How Beyoncé Made Market-Based Feminism Work

“Feminist: a person who believes in the social, political, and economic equality of the sexes.”

The above is an excerpt from ‘Flawless’ – a song from Beyoncé’s latest self-titled album, featuring Nigerian author Chimamanda Ngozi Adichie’s lecture on feminism.

Beyoncé has certainly received much praise for her apparent reconciliation of contradictions facing women, namely how to succeed in a career while simultaneously being perceived as a sexual being and as a mother. Notably, Beyoncé has also written an essay on gender inequality emphasizing the importance of teaching men the rules of respecting women.

While it is praiseworthy that someone of such influence can bring women’s rights to the forefront of conversation, Queen Bey has also received criticism for anti-feminist activities in her stage performances, song lyrics, and her marriage to Jay-Z.

Their rendition of Drunk In Love at the 2014 Grammy’s will be etched in memories forever as a wet haired Beyoncé in a barely there outfit with legs splayed wide sung along to a particularly disturbing Jay-Z line depicting aggression against women. Jay-Z’s very identity in hip-hop music is founded on undeniable contribution to, and profit from, blatant sexism and objectification of women.

Beyoncé may actively want to be the face of feminism, but she is allegedly not responsible for penning a single one of her songs promoting female empowerment. However, any such inauthenticity is masked by the brand Beyoncé, ultimately forgiven by many fans and critics. Could this be because her type of feminist persona is not adhering to traditional norms at all but is a carefully designed market-based one, used to captivate entire generations of women?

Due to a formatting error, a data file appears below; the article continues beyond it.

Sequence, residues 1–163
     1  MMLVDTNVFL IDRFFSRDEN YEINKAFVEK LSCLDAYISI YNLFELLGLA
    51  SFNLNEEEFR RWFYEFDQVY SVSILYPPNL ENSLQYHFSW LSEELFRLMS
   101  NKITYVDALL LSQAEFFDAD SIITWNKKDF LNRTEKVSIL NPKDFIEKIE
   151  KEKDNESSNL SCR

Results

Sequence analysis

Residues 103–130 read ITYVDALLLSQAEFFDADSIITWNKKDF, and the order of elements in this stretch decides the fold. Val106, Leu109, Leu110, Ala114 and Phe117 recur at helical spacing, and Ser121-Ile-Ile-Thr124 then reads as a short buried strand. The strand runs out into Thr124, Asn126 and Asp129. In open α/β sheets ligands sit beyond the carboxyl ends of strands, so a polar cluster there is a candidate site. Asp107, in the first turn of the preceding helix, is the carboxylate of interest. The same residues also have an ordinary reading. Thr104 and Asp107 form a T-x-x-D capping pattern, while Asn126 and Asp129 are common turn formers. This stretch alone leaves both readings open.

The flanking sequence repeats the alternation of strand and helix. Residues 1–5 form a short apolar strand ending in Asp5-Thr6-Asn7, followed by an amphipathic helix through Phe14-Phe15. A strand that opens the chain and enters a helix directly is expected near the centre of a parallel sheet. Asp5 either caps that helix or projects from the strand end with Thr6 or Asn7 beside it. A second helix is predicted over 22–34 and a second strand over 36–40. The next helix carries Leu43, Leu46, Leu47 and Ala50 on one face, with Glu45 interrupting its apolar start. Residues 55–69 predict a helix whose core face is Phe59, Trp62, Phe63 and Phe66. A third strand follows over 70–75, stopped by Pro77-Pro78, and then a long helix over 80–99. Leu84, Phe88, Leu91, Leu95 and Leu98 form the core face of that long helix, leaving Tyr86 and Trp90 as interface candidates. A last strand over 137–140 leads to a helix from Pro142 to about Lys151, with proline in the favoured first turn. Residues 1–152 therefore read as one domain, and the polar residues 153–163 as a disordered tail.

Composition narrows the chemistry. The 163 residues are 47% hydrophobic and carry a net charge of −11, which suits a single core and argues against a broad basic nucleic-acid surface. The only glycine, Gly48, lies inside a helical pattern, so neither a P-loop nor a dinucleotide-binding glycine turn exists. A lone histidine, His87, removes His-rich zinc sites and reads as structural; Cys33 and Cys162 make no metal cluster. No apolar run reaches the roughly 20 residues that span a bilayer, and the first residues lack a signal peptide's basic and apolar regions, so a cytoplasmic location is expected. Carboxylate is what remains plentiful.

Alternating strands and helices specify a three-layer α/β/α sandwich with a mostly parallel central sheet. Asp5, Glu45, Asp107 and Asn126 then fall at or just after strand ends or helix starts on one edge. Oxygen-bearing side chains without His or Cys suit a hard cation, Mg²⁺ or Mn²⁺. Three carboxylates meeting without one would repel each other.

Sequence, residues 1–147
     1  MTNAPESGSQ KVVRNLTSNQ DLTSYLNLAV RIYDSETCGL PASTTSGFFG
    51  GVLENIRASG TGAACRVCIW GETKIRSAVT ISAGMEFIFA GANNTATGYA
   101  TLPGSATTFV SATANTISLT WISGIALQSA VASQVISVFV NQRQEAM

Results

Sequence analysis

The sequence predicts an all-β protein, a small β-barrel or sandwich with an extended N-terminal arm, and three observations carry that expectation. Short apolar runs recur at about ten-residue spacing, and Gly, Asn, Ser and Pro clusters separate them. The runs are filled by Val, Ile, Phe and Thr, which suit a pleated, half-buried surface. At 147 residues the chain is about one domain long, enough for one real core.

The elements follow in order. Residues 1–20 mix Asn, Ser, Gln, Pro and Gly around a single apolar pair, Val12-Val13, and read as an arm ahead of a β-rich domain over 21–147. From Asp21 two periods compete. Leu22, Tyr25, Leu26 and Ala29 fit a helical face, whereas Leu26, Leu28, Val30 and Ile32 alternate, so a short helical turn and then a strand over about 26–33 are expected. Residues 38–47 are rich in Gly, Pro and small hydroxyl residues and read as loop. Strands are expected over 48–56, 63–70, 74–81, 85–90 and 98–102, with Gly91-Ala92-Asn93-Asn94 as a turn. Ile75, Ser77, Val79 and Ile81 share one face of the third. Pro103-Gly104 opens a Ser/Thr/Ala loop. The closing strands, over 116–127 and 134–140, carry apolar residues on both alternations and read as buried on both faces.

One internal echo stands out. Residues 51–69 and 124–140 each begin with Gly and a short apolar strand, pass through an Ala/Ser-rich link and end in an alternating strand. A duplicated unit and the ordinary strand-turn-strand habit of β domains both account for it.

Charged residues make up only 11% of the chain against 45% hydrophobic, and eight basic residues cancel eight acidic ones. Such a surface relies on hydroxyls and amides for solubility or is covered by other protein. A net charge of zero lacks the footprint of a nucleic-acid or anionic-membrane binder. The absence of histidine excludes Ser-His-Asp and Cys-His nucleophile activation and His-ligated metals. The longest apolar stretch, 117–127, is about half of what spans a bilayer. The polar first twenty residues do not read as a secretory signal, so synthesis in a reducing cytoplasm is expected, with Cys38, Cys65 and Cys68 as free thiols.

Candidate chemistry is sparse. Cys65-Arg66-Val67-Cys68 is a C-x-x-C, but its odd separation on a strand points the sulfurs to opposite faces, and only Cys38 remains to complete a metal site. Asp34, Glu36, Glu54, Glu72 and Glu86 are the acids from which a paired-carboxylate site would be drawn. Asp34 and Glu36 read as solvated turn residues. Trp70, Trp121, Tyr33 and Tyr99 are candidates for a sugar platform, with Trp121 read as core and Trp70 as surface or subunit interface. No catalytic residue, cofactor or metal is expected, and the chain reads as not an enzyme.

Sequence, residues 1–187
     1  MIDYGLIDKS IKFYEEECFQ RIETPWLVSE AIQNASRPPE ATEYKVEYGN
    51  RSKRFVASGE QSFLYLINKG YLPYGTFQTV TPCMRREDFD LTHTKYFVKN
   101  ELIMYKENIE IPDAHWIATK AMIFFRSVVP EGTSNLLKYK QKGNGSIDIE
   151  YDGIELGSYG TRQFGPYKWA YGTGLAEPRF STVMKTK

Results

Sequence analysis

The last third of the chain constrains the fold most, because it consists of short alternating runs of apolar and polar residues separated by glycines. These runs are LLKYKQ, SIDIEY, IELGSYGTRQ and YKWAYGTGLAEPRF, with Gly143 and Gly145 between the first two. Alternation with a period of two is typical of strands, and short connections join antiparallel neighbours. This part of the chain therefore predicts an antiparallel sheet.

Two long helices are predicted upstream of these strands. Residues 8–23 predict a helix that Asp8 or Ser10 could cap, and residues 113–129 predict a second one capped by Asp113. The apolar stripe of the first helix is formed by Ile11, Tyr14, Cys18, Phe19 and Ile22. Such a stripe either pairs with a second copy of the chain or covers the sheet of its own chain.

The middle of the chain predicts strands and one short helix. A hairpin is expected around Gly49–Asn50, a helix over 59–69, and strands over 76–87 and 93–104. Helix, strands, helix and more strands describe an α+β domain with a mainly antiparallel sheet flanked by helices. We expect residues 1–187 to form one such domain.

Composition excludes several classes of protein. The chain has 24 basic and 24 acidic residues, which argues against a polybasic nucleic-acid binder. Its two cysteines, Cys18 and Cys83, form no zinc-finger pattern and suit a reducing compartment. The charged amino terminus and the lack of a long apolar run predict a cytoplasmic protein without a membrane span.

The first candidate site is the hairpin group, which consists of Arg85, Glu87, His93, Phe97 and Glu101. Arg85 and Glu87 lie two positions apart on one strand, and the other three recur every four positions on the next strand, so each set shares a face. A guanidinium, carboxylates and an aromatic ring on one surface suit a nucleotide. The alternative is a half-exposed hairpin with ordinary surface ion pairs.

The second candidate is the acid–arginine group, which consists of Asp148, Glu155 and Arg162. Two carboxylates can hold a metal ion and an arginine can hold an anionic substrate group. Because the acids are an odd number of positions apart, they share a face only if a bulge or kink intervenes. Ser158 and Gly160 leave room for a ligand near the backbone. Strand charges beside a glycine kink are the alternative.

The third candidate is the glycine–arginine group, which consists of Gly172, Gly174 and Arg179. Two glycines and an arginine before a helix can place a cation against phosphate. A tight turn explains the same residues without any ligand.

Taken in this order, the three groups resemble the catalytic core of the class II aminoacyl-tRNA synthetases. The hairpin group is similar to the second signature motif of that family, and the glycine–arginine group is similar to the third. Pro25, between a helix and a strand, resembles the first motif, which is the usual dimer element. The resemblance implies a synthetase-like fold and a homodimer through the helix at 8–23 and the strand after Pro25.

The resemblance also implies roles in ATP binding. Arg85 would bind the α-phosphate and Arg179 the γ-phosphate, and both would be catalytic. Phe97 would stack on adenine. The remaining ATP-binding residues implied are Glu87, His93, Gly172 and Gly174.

How does market-based feminism differ from traditional feminism?

Society understood the threat to female empowerment to be political and systemic – entrenched in traditions, institutions, legislation or networks favoring inequality. Meanwhile, market-based feminism is one rooted in emotion and morality – how a woman should operate in her ‘market’, in other words her world, to pursue happiness through a monogamous relationship with her (heterosexual) partner. As such reinforcing the implied moral order of the market as a whole.

Beyoncé is seen to be engaging in this kind of feminism in placing her six-year marriage always alongside her image – through public appearances together, musical contributions to each other’s careers, and notably through their recently completed On The Run tour which styled them as a modern-day Bonnie and Clyde.

In all this, Beyoncé celebrates monogamous love as something that can be kept fresh, sexual and inspiring, standing the test of time and endless external scrutiny. Only an emotional brand is able to combat and overcome this. The beauty of her brand is indeed in its multi-faceted representations of women – a full spectrum of possibilities: fierce and coy, sexual and elegant, youthful and wise.

Being the face of traditional feminism thus would not have worked for such an emotionally diverse artist and woman. Beyoncé is not just one thing to anyone. And, note – emotionality is not perfection, it is incredibly human and fallible. So while traditional feminism also displayed as many differing shades of feminism as there were feminists, their code always enforced equality.

Similarly with market-based feminism, Beyoncé might ruffle a few feathers in dress sense and lyrical integrity, but never does she threaten that which is most important to her market-based feminism: finding and loving one’s partner until death do us part. 

Fruzsina Hughes, Mark Lazzaro, Marta Residori, and Sarthak Shah are MBA Students in the new Customer Experience Design course at the Schulich School of Business at York University.